The Cave Singers | Welcome Joy (Matador)

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cd_cave-singers.gifThis isn't a band growing tired of the strict instrumentation of folk music, this is as organic a sonic outgrowth as the genre has ever produced.

 

 

 

 

Jeff Tweedy once said that the type of music the Carter Family played was scarier than anything Henry Rollins could ever sing about. It's true. In my review for The Cave Singers' debut Invitation Songs, I wrote about how the unlikely new princes of folk were reviving that darkness, which had been largely abandoned by the genre's latter-day stars. But in the two years following that release, popular folk music has changed. Artists that had been taking liberties with folk's song structure (Josh Ritter, Bon Iver) and sound (Andrew Bird) inched closer to fame while continuing to make humane statements in the genre. On Welcome Joy, the Cave Singers keep straddling tradition (a requisite of folk music) and experimentation (a requisite of good music after 1964), but they've dug their dusty boots in on both sides.

The first two songs capture the woodsy, shed-jam atmosphere of Invitation Songs. They project a type of horror, sadness and emotional depth that make all other feelings seem less severe, but extremely important. These songs are also frustrating, since they sound like outtakes from the debut album. The band members said they didn't set out to make a folk record with Invitation Songs, and the first eight minutes of Welcome Joy make the debut sound like a remarkable accident. The band seems unable to improve what it stumbled upon. It's like finding out an idiot savant isn't really the latter.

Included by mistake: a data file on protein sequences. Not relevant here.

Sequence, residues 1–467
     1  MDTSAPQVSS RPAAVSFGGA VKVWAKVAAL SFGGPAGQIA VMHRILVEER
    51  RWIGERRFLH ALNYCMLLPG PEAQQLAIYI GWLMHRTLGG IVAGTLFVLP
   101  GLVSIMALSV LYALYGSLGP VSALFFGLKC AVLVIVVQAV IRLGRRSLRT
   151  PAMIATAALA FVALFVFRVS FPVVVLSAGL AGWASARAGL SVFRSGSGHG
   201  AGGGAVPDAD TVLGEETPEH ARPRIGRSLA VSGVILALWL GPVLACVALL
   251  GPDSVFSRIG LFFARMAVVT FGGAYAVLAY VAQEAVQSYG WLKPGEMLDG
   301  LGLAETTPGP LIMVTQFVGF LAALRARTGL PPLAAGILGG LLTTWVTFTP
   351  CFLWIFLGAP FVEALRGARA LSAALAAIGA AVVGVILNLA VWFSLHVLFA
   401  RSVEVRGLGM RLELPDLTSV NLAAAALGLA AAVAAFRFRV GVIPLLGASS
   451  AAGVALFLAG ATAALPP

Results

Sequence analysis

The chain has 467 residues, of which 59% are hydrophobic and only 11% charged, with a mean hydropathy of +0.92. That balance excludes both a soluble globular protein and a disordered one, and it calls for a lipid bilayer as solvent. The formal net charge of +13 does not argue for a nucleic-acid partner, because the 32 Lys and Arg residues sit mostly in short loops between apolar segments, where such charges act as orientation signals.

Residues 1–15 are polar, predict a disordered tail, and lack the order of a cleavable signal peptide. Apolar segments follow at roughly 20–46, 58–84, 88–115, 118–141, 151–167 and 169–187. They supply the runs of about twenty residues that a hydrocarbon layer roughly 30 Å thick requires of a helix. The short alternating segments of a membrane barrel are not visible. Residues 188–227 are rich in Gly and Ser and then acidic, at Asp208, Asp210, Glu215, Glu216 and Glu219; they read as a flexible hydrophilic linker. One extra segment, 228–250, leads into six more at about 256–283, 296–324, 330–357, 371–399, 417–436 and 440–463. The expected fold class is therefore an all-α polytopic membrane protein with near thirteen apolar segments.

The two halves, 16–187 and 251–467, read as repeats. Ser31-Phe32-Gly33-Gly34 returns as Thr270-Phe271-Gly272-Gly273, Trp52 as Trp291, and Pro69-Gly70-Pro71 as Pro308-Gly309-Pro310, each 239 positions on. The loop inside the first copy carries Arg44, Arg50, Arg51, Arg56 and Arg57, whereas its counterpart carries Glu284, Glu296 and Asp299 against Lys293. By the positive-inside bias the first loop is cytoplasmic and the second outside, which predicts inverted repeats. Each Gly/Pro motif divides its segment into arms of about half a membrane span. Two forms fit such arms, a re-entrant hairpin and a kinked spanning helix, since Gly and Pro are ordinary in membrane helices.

But then "At the Cut" starts. A drum kit? Electric guitar? Distortion? This isn't a band growing tired of the strict instrumentation of folk music; this is as organic a sonic outgrowth as the genre has ever produced. The warm echo that helps define the band's sound extends to the new instruments, and by the time the ballads start again on the album's closing few tracks, The Cave Singers have redeemed themselves. They've enahnced what they never set out to create. The songs are more than the woodsy (and often lively) acoustic laments of the first record. They are funeral dirges and shouting matches with ghosts. The band has somehow gotten more serious,

Invitation Songs was one of the most surprising records of 2007 and stands alongside Van Morrison Astral Weeks as being one of the albums that sounds most like autumn. Welcome Joy is a similarly seasonal record, but it's proof the band is still warming up. It has the sound of a canned beer-fueled bonfire in October and the feeling of a family crushed by the drudgery of coal mining. It documents a human frustration that pushes us to the edge, but keeps us from going over. (And all that is just the music. The vocals probably say something about that, too, but Pete Quirk's nasal mumble makes the lyrics too haunting to interpret.) The band's sound is northwestern and it's Appalachian. It's still indefinable, and it's still excellent. A

RIYL: Josh Ritter, Uncle Tupelo, Bon Iver, Andrew Bird

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